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Władysław Sikorski in 1925.

A democrat and supporter of the Sejm, Sikorski maintained his neutrality during Józef Piłsudski's May coup d'etat in 1926, which was supported by most of the military. In due course, as a semi-dictatorial Sanacja regime was established, Sikorski joined the anti-Piłsudski opposition. In 1928 he was dismissed by Piłsudski from public service and transferred into the reserves. In 1936, together with several prominent Polish politicians (Wincenty Witos, Ignacy Paderewski, and General Józef Haller) he joined the Front Morges, an anti-Sanacja political grouping. Sikorski largely withdrew from politics, spending much of his time in Paris, France, and working with the French Ecole Superieure de Guerre (war college). Based on his experiences in the Polish-Soviet War, he wrote a book on the future of maneuver warfare, Przyszła wojna – jej możliwości i charakter oraz związane z nimi zagadnienia obrony kraju (War in the Future: Its Possibilities and Character and Associated Questions of National Defense, Polish and French editions 1934, English edition 1943), advancing ideas similar to the German concept of Blitzkrieg ("lightning war"). Alongside France's Charles De Gaulle and Russia's Mikhail Tukhachevski, he may be considered one of the pioneers of Blitzkrieg theory. During this period, he wrote several other books and many articles, foreseeing, among other things, the rapid militarization of Germany and the deleterious effects of Western appeasement policies.

As the international situation deteriorated, Sikorski returned to Poland in 1938, hoping to be of more active service to his country.

Prime Minister in Exile

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"Poland: First to Fight" (1939 poster).

When Poland was invaded by Germany in September 1939, Sikorski was refused a military command by the Polish Commander in Chief, Marshal Edward Rydz-Śmigły. Sikorski escaped to Paris, where on September 28 he joined Władysław Raczkiewicz and Stanisław Mikołajczyk in a Polish government-in-exile, becoming from September 30 the most successful, credible, and famous of the Polish prime ministers in exile. He preserved the continuity of his country’s government and was respected and recognized by the population of occupied Poland. During his years as prime minister in exile, Sikorski personified the hopes and dreams of millions of Poles, as reflected in the saying, "When the sun is higher, Sikorski is nearer" (Polish: "Gdy słoneczko wyżej, to Sikorski bliżej"). On November 7 he became Commander in Chief and General Inspector of the Armed Forces (Naczelny Wódz i Generalny Inspektor Sił Zbrojnych).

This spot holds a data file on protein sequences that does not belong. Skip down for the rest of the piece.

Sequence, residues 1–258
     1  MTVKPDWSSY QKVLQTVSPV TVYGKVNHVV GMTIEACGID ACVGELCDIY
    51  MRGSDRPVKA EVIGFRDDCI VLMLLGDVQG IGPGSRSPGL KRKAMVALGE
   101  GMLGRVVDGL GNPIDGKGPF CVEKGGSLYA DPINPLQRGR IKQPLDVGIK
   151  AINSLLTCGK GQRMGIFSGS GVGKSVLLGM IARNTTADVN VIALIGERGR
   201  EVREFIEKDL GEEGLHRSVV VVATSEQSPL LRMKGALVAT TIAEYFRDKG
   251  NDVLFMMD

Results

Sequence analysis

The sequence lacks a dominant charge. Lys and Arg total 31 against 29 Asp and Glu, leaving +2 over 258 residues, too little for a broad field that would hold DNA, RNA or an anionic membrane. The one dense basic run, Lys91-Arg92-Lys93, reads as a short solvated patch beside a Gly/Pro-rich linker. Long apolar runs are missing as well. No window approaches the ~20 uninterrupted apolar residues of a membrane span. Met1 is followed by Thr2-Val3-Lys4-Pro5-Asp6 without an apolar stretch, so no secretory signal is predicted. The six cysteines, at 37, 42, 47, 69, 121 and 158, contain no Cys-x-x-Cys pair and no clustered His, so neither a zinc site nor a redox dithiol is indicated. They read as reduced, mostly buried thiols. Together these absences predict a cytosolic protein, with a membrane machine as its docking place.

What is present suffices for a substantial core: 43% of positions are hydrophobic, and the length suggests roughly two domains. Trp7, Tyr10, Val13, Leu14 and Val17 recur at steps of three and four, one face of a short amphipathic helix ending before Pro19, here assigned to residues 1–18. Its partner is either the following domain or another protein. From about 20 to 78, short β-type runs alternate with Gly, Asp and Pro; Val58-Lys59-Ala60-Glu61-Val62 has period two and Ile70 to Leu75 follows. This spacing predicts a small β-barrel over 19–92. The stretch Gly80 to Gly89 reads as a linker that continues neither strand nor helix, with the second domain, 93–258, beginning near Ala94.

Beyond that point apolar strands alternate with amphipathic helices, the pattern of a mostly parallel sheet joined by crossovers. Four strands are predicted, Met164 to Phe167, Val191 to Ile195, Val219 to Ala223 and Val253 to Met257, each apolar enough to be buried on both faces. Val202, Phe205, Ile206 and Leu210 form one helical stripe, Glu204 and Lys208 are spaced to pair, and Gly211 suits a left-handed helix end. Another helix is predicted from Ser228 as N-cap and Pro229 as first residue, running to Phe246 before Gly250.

His government was recognized by the western Allies, as Poland, even with its territories occupied, still commanded substantial armed forces: the Polish Navy had sailed to Britain, and many thousands of Polish troops had escaped via Romania and Hungary or across the Baltic Sea. Those routes would be used until the end of the war by both interned soldiers and volunteers from Poland, who jocularly called themselves "Sikorski's tourists" and embarked on their dangerous journeys, braving death or imprisonment in concentration camps if caught by the Germans or their allies. With the steady flow of recruits, the new Polish Army was soon reassembled in France and in French-mandated Syria. In 1940 the Polish Highland Brigade took part in the Battle of Narvik (Norway), and two Polish divisions participated in the defense of France, while a Polish motorized brigade and two infantry divisions were in process of forming. A Polish Independent Carpathian Brigade was created in French-mandated Syria, to which many Polish troops had escaped from Romania. The Polish Air Force in France comprised 86 aircraft in four squadrons. One and a half of the squadrons were fully operational, while the rest were in various stages of training. At that time Poland was the third most powerful Ally, with some 84,000 soldiers in France alone.